Voting has opened for the Bird of the Year. It’s a well organised process and there are no special votes or coalition talks - just vote for your favourite bird. This years winner has the added bragging (or is that cheeping) rights of being crowned Bird of the Century.
We are throwing our weight behind the North Island Kōkako (Callaeas wilsoni). It is a remarkable and distinctive bird belonging to the New Zealand wattlebird family and is easily recognizable by its striking blue wattles, which contrast with its predominantly grey plumage. It has featured on postage stamps and banknotes as well as being the mascot for our favourite coffee brand.
The song of the North Island Kōkako is one of the most enchanting aspects of this species. It's known for its rich and varied notes, which can carry over long distances in the forest. This makes them a key species for researchers and bird enthusiasts who are interested in the acoustic environment of New Zealand's forests. Their song plays a vital role in communication and territorial defense.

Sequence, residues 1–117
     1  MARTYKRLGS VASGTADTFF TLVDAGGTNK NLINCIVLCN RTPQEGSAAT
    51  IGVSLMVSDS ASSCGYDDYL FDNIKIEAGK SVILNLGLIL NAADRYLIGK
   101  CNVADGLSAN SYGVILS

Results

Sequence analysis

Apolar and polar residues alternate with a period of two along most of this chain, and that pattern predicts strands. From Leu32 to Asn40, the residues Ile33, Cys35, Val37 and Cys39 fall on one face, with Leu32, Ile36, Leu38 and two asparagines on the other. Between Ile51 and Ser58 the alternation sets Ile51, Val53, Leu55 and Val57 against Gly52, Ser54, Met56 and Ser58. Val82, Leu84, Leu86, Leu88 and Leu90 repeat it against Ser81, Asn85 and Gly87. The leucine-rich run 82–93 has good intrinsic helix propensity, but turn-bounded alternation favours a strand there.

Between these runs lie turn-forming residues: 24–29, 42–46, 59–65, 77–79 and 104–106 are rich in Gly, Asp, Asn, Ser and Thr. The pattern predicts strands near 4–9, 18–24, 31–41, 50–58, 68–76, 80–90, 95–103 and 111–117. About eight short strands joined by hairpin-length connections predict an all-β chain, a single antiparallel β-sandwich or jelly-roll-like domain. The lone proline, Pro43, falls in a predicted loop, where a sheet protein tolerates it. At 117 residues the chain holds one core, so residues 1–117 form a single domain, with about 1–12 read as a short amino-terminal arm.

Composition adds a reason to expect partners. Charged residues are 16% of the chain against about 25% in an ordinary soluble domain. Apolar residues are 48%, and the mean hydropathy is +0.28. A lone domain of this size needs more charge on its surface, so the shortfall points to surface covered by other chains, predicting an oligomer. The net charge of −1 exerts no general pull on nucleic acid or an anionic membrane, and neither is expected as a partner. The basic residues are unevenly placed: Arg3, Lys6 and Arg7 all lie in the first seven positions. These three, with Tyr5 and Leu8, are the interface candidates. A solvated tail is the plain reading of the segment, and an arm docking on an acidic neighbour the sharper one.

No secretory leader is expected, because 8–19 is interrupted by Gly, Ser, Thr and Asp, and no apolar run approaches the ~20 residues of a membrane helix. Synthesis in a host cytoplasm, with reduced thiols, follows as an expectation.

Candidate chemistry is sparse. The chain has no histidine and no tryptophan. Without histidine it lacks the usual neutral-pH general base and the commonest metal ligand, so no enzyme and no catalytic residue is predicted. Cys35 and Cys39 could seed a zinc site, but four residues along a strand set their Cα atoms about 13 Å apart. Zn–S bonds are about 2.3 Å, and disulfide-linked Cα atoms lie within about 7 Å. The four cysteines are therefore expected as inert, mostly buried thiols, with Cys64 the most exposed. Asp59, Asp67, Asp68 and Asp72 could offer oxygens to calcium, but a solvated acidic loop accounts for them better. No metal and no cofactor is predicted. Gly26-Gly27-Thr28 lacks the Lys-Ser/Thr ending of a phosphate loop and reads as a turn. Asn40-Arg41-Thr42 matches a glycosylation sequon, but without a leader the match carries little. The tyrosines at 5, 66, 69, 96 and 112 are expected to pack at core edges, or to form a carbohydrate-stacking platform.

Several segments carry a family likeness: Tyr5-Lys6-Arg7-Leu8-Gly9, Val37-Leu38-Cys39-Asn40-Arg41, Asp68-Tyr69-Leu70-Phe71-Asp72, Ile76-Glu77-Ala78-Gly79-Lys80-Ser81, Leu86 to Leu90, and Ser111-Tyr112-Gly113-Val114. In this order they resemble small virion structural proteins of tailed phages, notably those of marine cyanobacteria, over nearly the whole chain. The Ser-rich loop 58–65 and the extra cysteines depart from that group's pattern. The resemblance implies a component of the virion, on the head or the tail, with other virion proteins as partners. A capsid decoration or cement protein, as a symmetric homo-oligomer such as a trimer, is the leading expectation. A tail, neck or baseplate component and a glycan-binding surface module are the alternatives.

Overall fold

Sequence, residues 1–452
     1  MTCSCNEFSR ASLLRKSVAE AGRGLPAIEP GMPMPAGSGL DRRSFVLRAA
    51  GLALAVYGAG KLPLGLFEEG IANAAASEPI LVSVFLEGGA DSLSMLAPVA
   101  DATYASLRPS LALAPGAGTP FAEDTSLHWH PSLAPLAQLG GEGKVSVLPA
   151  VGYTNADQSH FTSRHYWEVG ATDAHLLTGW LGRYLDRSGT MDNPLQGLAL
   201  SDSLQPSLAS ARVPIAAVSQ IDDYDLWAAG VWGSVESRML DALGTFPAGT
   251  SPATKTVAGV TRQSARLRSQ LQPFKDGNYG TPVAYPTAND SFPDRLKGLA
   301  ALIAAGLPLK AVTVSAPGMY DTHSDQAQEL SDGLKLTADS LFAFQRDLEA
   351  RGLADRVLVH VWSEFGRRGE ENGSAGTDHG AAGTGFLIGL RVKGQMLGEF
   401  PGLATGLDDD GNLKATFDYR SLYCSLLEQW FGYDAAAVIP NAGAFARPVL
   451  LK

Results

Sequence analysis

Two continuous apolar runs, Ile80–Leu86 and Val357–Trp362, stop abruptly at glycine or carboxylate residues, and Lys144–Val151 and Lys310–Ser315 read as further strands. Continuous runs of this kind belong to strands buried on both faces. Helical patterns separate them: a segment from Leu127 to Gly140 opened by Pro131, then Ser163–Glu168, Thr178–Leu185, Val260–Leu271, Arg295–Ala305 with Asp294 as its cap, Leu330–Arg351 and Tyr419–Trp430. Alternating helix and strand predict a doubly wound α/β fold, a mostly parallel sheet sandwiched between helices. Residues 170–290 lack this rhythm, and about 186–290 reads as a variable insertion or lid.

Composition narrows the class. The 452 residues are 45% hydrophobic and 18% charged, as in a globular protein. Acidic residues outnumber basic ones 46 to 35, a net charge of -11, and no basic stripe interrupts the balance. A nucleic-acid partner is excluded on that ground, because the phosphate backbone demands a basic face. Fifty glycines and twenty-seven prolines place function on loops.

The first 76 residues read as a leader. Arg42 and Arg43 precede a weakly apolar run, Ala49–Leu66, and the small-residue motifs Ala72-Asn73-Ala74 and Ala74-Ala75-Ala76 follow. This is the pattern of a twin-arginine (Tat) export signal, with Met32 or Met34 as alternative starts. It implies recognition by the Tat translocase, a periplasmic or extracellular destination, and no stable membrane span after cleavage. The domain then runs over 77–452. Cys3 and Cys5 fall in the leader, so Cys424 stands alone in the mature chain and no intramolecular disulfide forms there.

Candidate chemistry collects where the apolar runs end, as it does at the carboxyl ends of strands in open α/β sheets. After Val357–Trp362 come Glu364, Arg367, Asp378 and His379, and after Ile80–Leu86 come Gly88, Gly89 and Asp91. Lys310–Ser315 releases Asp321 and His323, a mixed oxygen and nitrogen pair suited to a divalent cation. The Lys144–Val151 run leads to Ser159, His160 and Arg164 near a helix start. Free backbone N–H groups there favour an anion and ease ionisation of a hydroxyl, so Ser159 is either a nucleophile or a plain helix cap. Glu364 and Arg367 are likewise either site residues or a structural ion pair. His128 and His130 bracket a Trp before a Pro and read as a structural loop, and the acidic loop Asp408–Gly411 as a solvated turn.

These birds are poor fliers and predominantly arboreal, moving adeptly among the treetops with their powerful legs. Sadly, the kōkako's numbers have been declining due to habitat loss and predation by introduced species like rats and possums. This has led to significant conservation efforts to protect and restore their natural habitats and control predator populations.
Conservation efforts for the North Island Kōkako have been increasingly important due to its threatened status. These efforts include habitat restoration, predator control, and breeding programs. There's a focus on maintaining and enhancing native forest areas where the kōkako can thrive, alongside active management of predator populations that pose a significant threat to the birds. Breeding programs aim to increase the kōkako population and genetic diversity, which is vital for the species' long-term survival. These combined efforts have shown some success, with gradual increases in kōkako populations in protected areas, highlighting the importance of ongoing conservation work for this unique and treasured bird.